Loki was still watching him, his green eyes a little too knowing, so Thor thumped him on the arm. “Fine, I’ll try not to forget you. But you had better come back.”
“I’ll come back!” Loki said, indignant. “Alfheim’s little by way of libraries anyway, and Mother says I must keep up my studies.”
“Libraries,” Thor grumbled. “You and your libraries, Loki.”
“‘A king must be well-read, to know the history of his people and his kingdom’,” Loki recited, and the way he matched Odin’s tone and inflection so perfectly made Thor laugh.
Loki smiled back, the rare true smile he showed to few besides Thor, although it was gap-toothed now that he was losing his baby teeth. He put a hand on Thor’s knee and said, “You should apologize to Father tomorrow, when he’s calmed a little. If you’re sincere he’ll let you back to dinner, and if you’re good for a while after, you could ask to go to the dwarves, to train with their warriors.”
“You think so?” Thor asked, feeling a surge of hope.
Loki nodded. “He likes you better anyway. I think he was disappointed that you did not ask first.”
“Liar,” Thor said fondly. “You’re his favorite, Loki, you always have been. You’re clever, you read and write like a poet—”
“—And you fight better than half his guard,” Loki interrupted, eyes sparkling, “though you’re not yet half their size.”
“Have a care with your words, little brother,” Thor said menacingly, “for I’m still bigger than you.”
“Thor Odinson,” Loki teased, “more like Thor son of dwarves, for he’ll never be taller than—”
Thor tackled him, knocking him over and trying for a pin. Loki squirmed, managed to get a foot between them, and flipped Thor top over teakettle against the headboard. This led to a wrestling match, which turned into a pillow fight when Thor shoved Loki off the bed long enough to start a fort. By the time a servant came to find Loki and prepare him for his journey tomorrow, they were sprawled amid a heap of pillows and jumbled blankets and overturned furniture, exhausted and laughing too hard to move.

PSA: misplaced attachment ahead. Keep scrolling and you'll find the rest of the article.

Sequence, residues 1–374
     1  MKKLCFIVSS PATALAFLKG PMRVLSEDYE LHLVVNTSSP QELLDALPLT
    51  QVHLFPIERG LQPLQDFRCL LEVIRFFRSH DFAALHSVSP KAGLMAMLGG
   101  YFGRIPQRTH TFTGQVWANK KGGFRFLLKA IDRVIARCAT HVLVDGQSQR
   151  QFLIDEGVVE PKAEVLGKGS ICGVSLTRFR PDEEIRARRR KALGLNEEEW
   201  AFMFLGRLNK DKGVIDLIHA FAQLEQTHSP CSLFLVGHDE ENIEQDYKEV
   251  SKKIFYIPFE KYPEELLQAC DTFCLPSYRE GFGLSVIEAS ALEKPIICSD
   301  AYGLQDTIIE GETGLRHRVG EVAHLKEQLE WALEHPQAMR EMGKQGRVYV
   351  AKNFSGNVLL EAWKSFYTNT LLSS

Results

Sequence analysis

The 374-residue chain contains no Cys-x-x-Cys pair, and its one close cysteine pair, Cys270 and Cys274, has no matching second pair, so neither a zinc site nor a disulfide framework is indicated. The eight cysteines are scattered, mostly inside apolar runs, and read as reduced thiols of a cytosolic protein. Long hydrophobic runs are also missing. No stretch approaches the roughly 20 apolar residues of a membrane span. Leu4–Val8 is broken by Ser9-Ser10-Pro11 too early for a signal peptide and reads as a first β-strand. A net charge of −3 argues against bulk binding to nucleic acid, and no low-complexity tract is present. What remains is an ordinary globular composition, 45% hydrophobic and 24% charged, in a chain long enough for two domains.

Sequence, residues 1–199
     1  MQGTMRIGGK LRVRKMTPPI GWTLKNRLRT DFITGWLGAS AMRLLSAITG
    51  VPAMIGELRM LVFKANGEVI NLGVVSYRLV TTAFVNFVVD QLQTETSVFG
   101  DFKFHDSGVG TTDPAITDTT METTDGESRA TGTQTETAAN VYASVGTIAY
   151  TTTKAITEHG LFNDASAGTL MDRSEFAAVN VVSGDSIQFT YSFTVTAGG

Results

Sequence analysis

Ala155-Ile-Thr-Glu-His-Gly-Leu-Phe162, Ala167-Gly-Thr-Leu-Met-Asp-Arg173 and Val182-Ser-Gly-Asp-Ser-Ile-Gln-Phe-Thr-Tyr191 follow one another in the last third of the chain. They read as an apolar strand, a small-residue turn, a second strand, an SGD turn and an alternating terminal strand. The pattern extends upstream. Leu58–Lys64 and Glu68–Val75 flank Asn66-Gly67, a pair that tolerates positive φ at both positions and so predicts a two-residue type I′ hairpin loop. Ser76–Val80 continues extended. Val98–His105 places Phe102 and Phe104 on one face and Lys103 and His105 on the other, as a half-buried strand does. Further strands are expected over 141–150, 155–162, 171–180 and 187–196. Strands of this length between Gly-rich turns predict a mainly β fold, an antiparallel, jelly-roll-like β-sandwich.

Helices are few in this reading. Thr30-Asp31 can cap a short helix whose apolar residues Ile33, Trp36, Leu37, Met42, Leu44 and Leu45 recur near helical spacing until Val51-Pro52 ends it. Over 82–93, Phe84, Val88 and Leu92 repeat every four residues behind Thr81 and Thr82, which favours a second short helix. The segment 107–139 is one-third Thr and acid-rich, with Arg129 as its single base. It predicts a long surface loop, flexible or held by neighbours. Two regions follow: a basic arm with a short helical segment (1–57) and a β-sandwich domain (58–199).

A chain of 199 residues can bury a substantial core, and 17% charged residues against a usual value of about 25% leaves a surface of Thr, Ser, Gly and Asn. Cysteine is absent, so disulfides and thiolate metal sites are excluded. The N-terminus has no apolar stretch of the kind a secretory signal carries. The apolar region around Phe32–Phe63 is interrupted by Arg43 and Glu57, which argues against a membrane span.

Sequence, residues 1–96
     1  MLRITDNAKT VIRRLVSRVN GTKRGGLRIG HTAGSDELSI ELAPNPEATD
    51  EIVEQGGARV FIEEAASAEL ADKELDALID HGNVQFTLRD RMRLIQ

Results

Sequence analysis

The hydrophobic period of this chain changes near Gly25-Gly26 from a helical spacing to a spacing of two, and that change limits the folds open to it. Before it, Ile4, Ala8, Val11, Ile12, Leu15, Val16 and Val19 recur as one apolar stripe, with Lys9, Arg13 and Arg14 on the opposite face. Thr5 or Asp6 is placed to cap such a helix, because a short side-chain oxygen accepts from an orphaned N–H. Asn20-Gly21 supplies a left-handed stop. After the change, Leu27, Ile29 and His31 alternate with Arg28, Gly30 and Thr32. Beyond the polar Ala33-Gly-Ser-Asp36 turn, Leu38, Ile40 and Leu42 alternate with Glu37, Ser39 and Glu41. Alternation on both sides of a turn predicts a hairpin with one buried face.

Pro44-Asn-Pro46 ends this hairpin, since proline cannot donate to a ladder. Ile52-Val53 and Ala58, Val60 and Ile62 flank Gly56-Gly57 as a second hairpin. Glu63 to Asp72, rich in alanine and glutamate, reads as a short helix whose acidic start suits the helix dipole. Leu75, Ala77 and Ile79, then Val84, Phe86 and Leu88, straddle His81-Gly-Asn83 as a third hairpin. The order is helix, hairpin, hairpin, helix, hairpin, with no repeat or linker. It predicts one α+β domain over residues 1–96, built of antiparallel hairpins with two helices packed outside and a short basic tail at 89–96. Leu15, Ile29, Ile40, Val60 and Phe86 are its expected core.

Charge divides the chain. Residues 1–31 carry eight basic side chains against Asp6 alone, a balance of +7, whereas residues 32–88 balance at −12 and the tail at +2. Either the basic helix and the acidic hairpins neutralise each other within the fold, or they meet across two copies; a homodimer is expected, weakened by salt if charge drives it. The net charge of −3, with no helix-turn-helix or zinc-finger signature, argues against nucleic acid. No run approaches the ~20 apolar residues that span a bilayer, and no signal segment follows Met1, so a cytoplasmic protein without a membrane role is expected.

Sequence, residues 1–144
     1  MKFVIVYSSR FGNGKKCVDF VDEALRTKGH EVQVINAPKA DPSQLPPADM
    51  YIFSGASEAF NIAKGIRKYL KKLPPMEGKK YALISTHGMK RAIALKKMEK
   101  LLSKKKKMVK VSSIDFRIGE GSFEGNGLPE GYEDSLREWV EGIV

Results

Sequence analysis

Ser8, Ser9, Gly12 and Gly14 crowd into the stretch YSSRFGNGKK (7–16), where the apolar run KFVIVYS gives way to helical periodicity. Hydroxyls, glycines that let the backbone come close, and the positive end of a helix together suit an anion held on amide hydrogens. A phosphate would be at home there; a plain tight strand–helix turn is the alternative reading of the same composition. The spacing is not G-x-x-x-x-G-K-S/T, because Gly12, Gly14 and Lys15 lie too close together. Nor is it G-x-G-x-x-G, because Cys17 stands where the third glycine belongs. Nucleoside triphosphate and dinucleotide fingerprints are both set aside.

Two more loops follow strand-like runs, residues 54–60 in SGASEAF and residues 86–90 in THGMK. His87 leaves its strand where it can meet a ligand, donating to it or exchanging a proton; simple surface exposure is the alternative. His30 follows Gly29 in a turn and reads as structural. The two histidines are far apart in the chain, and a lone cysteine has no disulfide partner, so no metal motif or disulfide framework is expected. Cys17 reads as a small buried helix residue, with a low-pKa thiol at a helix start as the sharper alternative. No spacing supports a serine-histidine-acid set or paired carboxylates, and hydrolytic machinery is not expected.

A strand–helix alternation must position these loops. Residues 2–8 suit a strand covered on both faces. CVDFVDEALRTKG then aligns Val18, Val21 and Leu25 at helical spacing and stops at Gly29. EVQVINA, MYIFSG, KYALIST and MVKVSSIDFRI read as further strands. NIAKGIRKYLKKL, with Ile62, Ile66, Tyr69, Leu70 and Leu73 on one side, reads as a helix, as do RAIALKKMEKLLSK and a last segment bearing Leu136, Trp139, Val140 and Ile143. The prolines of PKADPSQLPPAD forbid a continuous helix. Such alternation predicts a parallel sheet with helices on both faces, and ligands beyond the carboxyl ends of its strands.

* * *
Loki was to travel as part of a caravan of elven merchants and ambassadors, who would safeguard him until he could be handed over to Lord Hálfdanarson. The caravan took the whole morning to make ready, so that it was not until well after lunch that Thor was permitted to leave his room to see his brother off.
They assembled at the near end of the Bifrost, Loki looking even smaller than usual among the elves. His retinue consisted of a single manservant to carry his bags, and that only – as Loki had confided to Thor last night, when he’d snuck back to Thor’s room after he was supposed to be in bed – because Frigga refused to send her son to another realm without at least one Aesir to attend him. Loki had been highly indignant about the whole thing, declaring that he was too old for a nursemaid, but he seemed to have forgotten his upset now.
He stood with his arms wrapped around a bag of possessions grabbed last-minute, practically vibrating with excitement. He endured Frigga’s embrace and her kiss on his cheek, and ducked his head when Odin ruffled his hair fondly and patted him on the shoulder. Finally it was Thor’s turn to say good-bye. He had planned no more than a very mature and grown-up clasping of hands, but Loki shoved his bag at the manservant and caught Thor in a hug.
Laughing, Thor gave in and hugged him back, bending his head to whisper in Loki’s ear, “Be safe, brother. Show those elves how a true son of Odin fights!”
Loki pulled away enough to give him a mischievous, gap-toothed grin. “I will, brother, and you had better kiss Sif before I get back, or I shall be very cross with you.” Thor sputtered, and Loki winked at him as he turned to the manservant to retrieve his bag.
Before Thor could think of a comeback, Odin’s hand on his shoulder drew him away. Standing between his parents, Thor watched the caravan begin its march along the Bifrost toward Heimdall’s observatory and, eventually, Alfheim. As Loki’s slim form disappeared among the jumble of adults and the riot of rainbow light, Thor felt a twinge in his heart that he told himself was jealousy. Still, seeing his mother discreetly dab at her eyes with a kerchief made him feel a little better.